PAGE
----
New Beginnings starts at seven.
Seven, as in twenty minutes from now, seven?
Yeah. You have to wear a dress.
I knew that. Really, I did.
So I pin my hair up–with a ballpoint pen–and I put on a skirt that matches my shirt. I sit there in the chapel with my fourteen year old and the program lasts no more than twenty minutes. Concision at its best. I'm seriously impressed.
The president gives a short analogy relating the formation of pearls to the formation of a girl's character, and then she introduces the activity portion of the evening.
I kid you not–they imported oysters from Japan. One for every young woman. The oysters smelled like ninth-grade biology and didn't look anything special, but they held a promise. Those girls pried and wrenched and ewwed and bloodied their fingers and finally ahhhhhed as every one of them found a pearl. White and cream and every shade of pink; silver and black and navy blue. Amazing.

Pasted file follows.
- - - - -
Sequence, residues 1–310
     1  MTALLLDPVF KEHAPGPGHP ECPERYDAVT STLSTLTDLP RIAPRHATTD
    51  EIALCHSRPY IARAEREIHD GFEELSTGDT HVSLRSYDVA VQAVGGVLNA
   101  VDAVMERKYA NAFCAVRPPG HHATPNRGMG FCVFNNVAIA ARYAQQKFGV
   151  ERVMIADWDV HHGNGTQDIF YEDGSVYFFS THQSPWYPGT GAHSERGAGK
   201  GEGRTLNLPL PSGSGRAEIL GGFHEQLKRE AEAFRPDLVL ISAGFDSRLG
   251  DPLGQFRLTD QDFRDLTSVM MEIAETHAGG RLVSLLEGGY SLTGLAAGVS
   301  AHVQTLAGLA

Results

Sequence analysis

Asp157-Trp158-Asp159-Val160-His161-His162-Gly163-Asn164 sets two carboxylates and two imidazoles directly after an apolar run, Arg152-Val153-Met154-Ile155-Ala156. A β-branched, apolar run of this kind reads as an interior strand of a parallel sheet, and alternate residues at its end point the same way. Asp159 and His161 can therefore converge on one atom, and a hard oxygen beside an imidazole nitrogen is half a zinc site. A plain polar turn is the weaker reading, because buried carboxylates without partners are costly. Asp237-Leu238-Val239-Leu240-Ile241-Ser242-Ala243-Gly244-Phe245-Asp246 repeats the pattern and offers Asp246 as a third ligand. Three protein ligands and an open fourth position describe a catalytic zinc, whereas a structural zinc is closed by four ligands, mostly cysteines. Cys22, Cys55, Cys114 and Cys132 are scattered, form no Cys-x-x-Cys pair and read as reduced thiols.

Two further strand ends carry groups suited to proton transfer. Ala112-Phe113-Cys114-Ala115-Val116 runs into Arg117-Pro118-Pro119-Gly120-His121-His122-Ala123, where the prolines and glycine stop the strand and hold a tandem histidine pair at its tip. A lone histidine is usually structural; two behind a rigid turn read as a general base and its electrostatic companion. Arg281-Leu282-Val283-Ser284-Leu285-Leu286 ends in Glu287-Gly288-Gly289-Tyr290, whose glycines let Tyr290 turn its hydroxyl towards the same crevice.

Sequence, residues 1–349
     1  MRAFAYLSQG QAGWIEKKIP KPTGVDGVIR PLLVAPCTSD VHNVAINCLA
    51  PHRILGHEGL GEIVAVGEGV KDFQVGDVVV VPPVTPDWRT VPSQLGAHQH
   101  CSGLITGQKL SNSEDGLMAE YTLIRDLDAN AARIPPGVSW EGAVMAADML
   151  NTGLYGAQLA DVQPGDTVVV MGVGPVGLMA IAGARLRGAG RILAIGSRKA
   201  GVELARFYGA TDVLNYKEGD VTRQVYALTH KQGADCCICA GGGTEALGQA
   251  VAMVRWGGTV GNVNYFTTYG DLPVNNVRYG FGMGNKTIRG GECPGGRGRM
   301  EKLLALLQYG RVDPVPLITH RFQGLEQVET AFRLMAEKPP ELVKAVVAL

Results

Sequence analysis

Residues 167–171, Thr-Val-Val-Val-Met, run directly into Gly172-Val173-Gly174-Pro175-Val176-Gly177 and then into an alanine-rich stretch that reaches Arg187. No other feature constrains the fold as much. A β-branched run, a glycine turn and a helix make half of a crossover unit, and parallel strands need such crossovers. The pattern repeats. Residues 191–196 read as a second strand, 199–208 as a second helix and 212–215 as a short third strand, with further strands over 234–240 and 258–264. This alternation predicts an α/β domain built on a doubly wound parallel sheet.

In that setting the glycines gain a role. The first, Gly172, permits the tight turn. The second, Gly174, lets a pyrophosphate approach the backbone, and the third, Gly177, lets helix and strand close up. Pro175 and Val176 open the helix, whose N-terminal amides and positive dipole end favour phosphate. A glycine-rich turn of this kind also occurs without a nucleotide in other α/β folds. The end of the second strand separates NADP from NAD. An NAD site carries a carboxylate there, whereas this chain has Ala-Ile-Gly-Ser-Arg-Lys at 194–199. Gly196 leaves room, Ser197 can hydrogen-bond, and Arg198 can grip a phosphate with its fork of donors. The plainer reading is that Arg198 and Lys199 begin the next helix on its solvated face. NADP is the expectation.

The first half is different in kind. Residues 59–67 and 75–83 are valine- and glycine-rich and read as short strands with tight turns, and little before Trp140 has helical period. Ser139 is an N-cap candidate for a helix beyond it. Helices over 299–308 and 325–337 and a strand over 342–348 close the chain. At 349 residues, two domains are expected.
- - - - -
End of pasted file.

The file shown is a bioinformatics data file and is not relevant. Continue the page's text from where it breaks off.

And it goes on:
I sat here this morning bogged down in concern and I saw again those pearls emerging from the muck. Those girls with their gooey, bloody hands discovering pearls in unlikely places, rinsing them off and placing them in silver, hinged pendants and wearing them over their hearts.
I took a deep breath and I was okay.
Because I have to believe that no matter how long it takes or what currents I travel–I have to believe there's whopper of a pearl forming somewhere deep here.
And who knows what it'll look like?